Up until the beginning of the 20th century, the drilling of oil wells was done using bits of various fishtail designs. One such design is shown in Figure 10.1.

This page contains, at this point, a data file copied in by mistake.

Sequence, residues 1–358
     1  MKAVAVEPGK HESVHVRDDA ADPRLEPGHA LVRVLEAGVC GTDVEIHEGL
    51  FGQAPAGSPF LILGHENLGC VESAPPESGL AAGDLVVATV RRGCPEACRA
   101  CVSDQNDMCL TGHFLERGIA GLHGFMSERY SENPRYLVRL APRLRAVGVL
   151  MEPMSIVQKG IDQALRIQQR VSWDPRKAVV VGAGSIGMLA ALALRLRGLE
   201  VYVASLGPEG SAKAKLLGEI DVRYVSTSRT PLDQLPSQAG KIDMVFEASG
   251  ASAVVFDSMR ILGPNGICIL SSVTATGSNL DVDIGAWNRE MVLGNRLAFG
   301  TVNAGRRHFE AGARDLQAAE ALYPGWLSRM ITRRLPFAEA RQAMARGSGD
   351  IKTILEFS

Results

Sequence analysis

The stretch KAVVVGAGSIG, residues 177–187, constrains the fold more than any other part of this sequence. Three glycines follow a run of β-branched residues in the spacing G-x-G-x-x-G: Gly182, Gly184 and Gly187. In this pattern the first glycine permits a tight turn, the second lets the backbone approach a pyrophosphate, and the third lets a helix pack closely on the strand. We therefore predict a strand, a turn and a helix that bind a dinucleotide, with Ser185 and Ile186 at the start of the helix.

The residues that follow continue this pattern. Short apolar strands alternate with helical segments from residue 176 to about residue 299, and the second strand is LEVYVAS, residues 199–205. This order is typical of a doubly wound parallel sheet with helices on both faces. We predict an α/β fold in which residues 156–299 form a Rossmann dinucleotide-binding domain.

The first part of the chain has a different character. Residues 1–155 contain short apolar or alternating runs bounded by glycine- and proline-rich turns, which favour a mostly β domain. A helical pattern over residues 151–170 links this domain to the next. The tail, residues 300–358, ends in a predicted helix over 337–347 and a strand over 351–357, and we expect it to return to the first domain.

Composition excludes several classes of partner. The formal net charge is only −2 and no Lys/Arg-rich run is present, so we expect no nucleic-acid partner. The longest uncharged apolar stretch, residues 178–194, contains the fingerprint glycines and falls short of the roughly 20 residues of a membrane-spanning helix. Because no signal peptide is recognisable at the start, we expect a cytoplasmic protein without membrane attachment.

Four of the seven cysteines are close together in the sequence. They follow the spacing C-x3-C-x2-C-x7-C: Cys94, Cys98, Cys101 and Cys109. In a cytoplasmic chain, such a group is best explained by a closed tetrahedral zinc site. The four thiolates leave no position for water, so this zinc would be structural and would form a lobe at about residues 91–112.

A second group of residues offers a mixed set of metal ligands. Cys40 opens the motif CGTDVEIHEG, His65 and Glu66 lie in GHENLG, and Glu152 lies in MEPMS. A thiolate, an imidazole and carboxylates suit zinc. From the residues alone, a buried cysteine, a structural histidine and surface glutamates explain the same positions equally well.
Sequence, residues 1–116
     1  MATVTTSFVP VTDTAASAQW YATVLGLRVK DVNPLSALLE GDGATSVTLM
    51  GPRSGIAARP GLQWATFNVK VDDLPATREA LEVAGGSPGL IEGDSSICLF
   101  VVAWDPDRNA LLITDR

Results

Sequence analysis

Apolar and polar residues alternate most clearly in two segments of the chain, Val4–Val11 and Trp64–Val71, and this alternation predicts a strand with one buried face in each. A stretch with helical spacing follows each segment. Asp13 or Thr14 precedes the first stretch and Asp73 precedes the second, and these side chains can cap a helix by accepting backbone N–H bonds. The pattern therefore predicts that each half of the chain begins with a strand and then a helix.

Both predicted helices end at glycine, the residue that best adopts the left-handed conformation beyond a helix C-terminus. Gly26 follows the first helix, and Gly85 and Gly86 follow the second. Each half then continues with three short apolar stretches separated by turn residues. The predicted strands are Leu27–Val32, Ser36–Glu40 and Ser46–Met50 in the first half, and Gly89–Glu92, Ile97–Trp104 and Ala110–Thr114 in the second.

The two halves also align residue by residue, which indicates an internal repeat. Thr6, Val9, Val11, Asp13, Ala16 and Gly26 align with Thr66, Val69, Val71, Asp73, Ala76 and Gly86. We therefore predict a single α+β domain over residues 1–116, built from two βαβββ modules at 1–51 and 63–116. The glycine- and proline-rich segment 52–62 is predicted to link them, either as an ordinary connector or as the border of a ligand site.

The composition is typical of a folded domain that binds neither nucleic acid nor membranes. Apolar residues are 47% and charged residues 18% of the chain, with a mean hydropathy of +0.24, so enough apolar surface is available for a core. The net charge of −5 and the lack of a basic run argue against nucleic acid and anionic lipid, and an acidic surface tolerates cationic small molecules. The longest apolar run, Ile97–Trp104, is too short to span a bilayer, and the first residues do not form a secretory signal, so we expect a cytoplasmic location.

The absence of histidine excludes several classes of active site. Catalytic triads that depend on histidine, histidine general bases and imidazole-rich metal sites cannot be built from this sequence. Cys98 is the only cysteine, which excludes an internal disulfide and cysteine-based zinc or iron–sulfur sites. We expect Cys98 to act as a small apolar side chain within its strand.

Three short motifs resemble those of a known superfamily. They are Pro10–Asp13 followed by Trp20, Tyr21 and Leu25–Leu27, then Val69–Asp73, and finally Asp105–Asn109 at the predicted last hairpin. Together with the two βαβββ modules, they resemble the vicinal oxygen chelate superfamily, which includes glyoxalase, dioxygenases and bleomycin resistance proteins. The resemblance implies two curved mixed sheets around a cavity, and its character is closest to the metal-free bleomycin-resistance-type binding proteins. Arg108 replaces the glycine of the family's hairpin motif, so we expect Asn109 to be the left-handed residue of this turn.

As force is applied during bit rotation, the rock is literally scrapped away from the bottom of the hole. As one can imagine, this practice could and did work well in soft formations but in the harder, more abrasive formations the wear was high and the penetration rate low. In 1907, Walter Benona Sharp and Howard R. Hughes, Sr. were involved with drilling two test oil wells at Goose Creek and Pierce Junction, Texas. According to the Handbook of Texas (2012), both wells had to be abandoned because of the hard rock encountered. As a result, the two men began to consider the possibility of developing a roller rock bit. It was eventually arranged for Hughes to proceed with the design and construction of a bit with capital provided equally by Sharp and J.S. Cullinan. The result was the Sharp-Hughes rock bit (see Figs 10.2 through 10.4). In 1908, the Sharp-Hughes Tool Company was formed to manufacture the bit and a factory was built at Houston, Texas. Hughes received 50 percent of the stock for his development of the bit and the other 50 percent was divided between Sharp and Cullinan. In 1912, at the time of Sharp’s death, Hughes was given controlling interest. Not long afterward, the company name was changed to the Hughes Tool Company.